How to Make Sociology Engineering-Grade
I want a true engineering-grade science of social technology. Therefore we should understand what an engineering-grade science is, and whether the notion of science properly applies to social phenomena.
Based on the example of the sciences used in engineering, any true engineering-grade body of scientific knowledge consists of the following:
Language of deduction based on logic and mathematics, but specialized and abbreviated to make the kind of computations needed in the field faster and easier. For example, in engineering, the language is generally calculus, and there are specific notions like eigenvalues and complex numbers that are commonly useful.
First principles which provide the basic ontology and laws of the examined area of reality. For example, conservation of mass, conservation of energy, maxwell’s equations of electrodynamics, Newton’s laws, the ideal gas law, the second law of thermodynamics, continuity assumptions of continuous materials, etc.
Practical results and knowledge in terms of the language of deduction and the first principles. A few types at varying levels of computability:
Derivable from first principles using the language of deduction, both in principle and practice. For example, the viscous drag in laminar flow in pipes, derived first principles like bernoulli’s equation, the vibration in a beam, the power of an idealized steam turbine, the existence and nature of high-altitude lightning.
Derivable from first principles in principle, but not in practice for complexity reasons. For example, the fuel mixing dynamics of a novel rocket engine design, friction from turbulent flows, atomic weights and chemical behaviors of stable isotopes, or the dynamics of flocculated powders suspended in flows.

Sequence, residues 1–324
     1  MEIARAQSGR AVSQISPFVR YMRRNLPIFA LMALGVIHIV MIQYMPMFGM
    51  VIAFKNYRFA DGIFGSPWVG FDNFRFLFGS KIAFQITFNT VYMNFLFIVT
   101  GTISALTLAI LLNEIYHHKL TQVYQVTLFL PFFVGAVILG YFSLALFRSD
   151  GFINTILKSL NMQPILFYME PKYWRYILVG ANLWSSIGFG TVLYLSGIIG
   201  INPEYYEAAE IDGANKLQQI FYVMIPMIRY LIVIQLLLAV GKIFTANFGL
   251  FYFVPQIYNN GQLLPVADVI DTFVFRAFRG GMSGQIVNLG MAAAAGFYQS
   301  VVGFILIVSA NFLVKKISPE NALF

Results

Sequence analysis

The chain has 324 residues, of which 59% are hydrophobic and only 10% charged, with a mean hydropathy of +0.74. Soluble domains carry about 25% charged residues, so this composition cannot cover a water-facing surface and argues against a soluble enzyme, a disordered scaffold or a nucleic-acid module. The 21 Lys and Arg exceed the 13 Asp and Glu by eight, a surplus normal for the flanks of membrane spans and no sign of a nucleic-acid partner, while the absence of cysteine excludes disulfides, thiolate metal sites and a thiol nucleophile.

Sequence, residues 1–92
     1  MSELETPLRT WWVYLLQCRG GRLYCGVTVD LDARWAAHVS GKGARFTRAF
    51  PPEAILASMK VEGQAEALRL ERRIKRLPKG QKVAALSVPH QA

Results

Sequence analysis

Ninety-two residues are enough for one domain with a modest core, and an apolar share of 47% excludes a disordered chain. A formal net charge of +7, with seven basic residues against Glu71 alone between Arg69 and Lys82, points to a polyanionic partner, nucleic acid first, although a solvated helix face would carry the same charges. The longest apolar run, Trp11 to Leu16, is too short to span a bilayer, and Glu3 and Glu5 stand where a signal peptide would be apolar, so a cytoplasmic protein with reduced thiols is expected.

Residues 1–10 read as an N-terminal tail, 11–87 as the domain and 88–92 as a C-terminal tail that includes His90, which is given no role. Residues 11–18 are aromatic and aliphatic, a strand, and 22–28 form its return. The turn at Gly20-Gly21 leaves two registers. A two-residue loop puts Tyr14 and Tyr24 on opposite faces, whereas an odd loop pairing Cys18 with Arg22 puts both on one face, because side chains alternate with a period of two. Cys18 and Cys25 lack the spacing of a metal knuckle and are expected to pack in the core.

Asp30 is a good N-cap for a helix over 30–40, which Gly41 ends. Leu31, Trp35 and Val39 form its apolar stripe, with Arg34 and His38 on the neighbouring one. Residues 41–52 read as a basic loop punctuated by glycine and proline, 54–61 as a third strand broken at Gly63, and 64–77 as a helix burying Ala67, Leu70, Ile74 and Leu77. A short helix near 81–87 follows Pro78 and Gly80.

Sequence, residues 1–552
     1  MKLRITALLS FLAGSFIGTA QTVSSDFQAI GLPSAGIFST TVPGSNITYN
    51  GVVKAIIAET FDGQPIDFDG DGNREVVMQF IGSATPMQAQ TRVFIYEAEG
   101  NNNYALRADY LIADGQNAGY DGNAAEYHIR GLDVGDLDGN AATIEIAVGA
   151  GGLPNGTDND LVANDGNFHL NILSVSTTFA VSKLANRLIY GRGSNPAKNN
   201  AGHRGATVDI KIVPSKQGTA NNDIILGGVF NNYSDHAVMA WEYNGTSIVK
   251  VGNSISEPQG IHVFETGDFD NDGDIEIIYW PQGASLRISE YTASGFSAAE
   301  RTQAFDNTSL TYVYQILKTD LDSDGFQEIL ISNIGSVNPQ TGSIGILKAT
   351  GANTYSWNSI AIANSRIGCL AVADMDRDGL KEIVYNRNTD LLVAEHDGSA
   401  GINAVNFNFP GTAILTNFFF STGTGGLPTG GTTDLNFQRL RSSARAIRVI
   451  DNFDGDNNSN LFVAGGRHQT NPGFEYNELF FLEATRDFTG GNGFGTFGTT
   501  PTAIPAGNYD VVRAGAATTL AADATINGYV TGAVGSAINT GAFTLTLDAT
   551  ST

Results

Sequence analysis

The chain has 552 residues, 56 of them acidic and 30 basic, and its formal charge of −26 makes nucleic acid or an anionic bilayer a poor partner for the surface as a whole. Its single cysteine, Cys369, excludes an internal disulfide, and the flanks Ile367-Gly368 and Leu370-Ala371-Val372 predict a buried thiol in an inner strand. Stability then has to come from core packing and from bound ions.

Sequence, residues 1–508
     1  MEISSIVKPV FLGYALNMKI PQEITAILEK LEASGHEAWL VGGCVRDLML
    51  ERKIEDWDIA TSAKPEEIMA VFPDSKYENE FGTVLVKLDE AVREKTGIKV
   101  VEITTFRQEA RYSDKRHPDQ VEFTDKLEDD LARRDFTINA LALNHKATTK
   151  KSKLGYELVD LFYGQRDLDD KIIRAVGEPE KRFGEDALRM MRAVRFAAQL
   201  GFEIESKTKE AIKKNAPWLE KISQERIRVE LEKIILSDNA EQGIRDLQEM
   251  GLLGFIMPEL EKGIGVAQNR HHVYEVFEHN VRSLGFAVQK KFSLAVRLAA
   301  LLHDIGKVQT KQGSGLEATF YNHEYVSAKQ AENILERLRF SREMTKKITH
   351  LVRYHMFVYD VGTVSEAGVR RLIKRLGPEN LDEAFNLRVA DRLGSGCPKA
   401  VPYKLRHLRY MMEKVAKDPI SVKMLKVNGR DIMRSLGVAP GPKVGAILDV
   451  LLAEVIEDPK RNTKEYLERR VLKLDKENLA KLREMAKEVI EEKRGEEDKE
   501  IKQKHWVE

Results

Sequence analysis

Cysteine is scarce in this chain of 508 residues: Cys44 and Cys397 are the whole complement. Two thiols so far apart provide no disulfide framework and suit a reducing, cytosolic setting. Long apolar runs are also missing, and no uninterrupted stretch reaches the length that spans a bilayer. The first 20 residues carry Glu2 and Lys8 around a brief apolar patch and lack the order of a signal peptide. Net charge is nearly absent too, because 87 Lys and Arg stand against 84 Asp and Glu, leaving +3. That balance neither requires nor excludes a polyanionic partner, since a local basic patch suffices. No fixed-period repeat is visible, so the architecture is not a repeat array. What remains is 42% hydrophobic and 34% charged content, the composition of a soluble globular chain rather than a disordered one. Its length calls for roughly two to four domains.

Not derivable from first principles, but known in practice, and phrased in terms of the first principles and language of deduction. For example, the composition and properties of air, properties and availability of engineering materials, designs of various standard or available pieces of technology.
Practical body of skills and techniques and hueristics and tacit knowledge for how and when to apply various mathematical techniques, simplifying analytical assumptions, empirical characterizations, useful technological components, and so on.
Surrounding body of non-scientific knowledge, that is, knowledge which is known in practice but not phrased in terms of the scientific first principles or language of deduction. For example, in pre-scientific metalworking shops, there are many rules of thumb about what color a spring should be glowing before you quench it, what to quench it in, what patina color its surface should turn for heat-treating, and such like. This knowledge eventually finds its way into scientific phrasing.
Additionally, science has the property, like mathematics, that it is one integrated body of knowledge, not separate non-interacting silos of knowledge. There are multiple subfields, and subfields within subfields, but they all occasionally draw on each other, they speak the same fundamental langauge, get used in the same technological systems, and they never contradict. The unity and non-contradiction is of course because there is only one reality, and Science and Mathematics reflect the structure of reality.
That said, the sciences used to be more separated, before they reached the maturity level of plugging in to the common framework of unified mathematical science. Whether a science needs to reach a certain level of maturity before being integrated into other sciences, or whether it should attempt to integrate from the start is an important question for how a new science of social technology will be produced.
I have described this mostly in terms of engineering, as it is the most prototypical example of a mature and practically impressive scientific body of knowledge. However, a major claim I wish to make is the following:
The form of a science as mathematics, rigid laws, and explanations and predictions, is not limited to the hard sciences, but applies to social phenomena as well. Real social science will have different principles, different logic, and different results, but it will still have principles, logic, and results.
Its principles will be recognizable as unbreakable laws about the nature of the world within some scope. Its logic will be recognizable as a branch of mathematics. Its results will be phrased in terms of, and often derived from or derivable from, its principles, using its logic. It will be surrounded by a pre-scientific wilderness of practical wisdom, some real, some fake. It will produce technology.
In these fundamentals, sociology should be like any other scientific discipline.
This claim doesn’t seem to be widely accepted by either mainstream sociology, or by any alternative sociology I am aware of. Though it does seem to implicitly bleed through occasionally, especially in economics.